Mindful Monday: On Monday's I'm going to share what's been on my mind. I by no means have any of this figured out, I'm just thinking out loud here.
I'm the kind of person who likes to solve problems, brainstorm and understand they way things work. Logic, math and science make the most sense to me. I enjoy a good puzzle and putting the pieces together, but sometimes in life we need to put down the pieces. That's really hard for me.
The guest speaker at church Sunday talked about exactly what I needed to hear. We all have our own issues and what he talked about really hit home with some stuff I'm dealing with. I think in analogy form a lot so his analogy is what got my attention. Without getting into too much detail I'll give you the gist of it, or at least the part that got me thinking. It's broad enough to apply to a lot of issues so take and use what you find helpful and leave what you don't.
He had a large terra cotta planter (think orange clay flower pot) on the table along with a cardboard box. The pot had a few scratches but looked good from the outside. Inside it was a dirty mess. Others see us as put together, but rarely do they see the mess we are inside. Next he opened up the box and dumped out a the shattered pieces of another pot. The heap of pieces represents our life with sin, we're broken. What do we do about that? He gave several examples of our attempts to deal with the broken pieces, one of them being trying to put the pieces back together like a giant puzzle. It would take a lifetime of struggle, effort and frustration trying to sort through and find the right pieces. Even if we could by our own effort put them back together the finished product still wouldn't be all that great. Yet many of us do just that, we think if we just try hard enough or long enough we can fix ourselves.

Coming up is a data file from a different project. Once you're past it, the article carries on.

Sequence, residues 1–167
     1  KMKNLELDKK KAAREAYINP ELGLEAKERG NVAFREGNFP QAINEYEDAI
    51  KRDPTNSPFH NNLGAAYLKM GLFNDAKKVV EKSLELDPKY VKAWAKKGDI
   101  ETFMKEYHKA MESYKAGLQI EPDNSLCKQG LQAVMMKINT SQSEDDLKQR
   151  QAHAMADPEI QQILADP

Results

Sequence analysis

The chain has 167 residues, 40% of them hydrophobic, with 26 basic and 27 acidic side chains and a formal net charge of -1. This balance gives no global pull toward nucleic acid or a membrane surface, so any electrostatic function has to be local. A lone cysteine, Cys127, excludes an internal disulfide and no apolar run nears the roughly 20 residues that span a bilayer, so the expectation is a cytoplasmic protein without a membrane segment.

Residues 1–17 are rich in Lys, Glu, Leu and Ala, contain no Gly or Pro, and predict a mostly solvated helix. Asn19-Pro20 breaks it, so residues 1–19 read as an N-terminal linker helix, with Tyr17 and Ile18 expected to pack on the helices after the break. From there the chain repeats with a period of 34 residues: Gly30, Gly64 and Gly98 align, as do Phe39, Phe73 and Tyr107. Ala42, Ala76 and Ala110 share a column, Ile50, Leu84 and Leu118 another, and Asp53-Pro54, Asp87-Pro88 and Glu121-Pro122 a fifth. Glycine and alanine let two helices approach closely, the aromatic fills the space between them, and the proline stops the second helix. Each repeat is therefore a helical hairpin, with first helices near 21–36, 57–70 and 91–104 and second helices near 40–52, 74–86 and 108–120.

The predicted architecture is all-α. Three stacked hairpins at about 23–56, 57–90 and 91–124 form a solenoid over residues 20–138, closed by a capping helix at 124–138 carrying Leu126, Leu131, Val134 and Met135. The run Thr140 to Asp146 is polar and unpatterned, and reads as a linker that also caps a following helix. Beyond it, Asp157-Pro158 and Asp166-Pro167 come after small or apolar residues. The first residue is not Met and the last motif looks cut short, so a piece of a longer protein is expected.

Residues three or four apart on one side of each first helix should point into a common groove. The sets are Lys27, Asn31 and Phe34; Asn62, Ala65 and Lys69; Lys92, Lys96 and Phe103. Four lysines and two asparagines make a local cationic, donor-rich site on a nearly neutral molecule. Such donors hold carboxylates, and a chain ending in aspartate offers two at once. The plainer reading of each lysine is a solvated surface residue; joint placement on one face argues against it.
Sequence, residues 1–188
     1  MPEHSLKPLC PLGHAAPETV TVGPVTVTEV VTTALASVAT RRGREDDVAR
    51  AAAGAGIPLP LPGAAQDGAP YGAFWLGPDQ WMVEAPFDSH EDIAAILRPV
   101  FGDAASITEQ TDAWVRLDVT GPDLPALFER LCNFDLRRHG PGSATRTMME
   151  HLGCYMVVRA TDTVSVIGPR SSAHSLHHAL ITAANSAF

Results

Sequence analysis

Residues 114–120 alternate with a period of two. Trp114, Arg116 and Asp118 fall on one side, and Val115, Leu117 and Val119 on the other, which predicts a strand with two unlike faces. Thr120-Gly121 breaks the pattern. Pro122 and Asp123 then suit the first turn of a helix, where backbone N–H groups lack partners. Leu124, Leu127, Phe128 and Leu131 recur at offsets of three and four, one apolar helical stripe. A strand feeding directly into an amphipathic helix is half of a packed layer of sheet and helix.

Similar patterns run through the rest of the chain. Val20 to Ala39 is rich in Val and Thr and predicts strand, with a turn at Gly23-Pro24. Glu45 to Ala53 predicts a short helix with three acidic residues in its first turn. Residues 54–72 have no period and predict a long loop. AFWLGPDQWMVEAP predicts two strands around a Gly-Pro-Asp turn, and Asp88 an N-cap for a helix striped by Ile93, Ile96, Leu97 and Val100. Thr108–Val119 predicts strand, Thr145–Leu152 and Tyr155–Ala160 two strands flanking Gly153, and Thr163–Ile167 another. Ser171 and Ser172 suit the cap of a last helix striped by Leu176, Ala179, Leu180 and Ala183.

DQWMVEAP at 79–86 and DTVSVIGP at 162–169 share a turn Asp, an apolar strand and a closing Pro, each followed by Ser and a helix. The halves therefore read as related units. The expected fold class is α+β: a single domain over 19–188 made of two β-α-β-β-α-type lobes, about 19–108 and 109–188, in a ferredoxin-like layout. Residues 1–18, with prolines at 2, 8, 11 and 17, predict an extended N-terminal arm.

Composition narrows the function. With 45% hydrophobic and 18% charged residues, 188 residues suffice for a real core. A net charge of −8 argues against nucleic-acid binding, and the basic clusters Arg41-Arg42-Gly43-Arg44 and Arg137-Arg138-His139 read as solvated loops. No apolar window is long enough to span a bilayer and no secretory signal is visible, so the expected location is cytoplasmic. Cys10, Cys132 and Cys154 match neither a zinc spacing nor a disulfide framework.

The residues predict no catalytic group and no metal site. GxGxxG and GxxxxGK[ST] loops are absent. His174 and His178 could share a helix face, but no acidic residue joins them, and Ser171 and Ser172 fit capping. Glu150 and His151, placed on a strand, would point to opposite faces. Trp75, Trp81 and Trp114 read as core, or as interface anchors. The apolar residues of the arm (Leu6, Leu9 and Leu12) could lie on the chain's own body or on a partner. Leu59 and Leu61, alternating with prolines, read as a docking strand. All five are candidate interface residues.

Over and over in my life I see examples of how I want to do it myself. I want to do things my way and solve the problem. I think that if something isn't turning out I must not be trying hard enough. I struggle to figure it out on my own instead of asking for help. But my way is not always going to work. I could spend my whole life trying to get all the pieces just right. Or I could just ask God to fix me and admit I'm broken and can't do it myself. That would allow me to use the rest of my life doing something useful instead of wasting time attempting to put pieces back together.
Sounds good, right? It should be simple to just ask for help then stand back and let God do all the fixing. Although I want to step aside and put everything in his hands I still try to "help" and put pieces back together. I think my way is better or faster or I'm just stubborn and want to do it myself. In the process I end up cutting my hands on the sharp edges and making even more of a mess. Will I ever learn? How many times and ways and struggles before I get this through my head? Why is it so hard for me to step back, be still and let Him be in control? I always feel like I have to be active, working and fixing myself. It's uncomfortable to sit still and let someone else do the work. I know my attempts are futile, that I will just end up with more broken pieces, cuts on my hands, a bigger mess and more frustration that I've failed again. I get stuck in this pattern of self reliance instead of allowing Him to take control. I just need to put down the pieces.
Paul's struggle in Romans 7:15-25 was used as an example. (I linked it to this translation since that's what was used in the sermon) I can definitely relate.
vs 15 "I don't really understand myself, for I want to do what is right, but I don't do it. Instead I do what I hate."
vs 18b-19 "I want to do what is right, but I can't. I want to do what is good, but I don't. I don't want to do what is wrong, but I do it anyway."
vs 21 "I have discovered this principle of life- that when I want to do what is right, I inevitably do what is wrong."
Yep. So much to think about....
Food for thought: "...we also rejoice in our sufferings, because we know that suffering produces perseverance; perseverance, character; and character, hope. And hope does not disappoint us..." Romans 5:3-5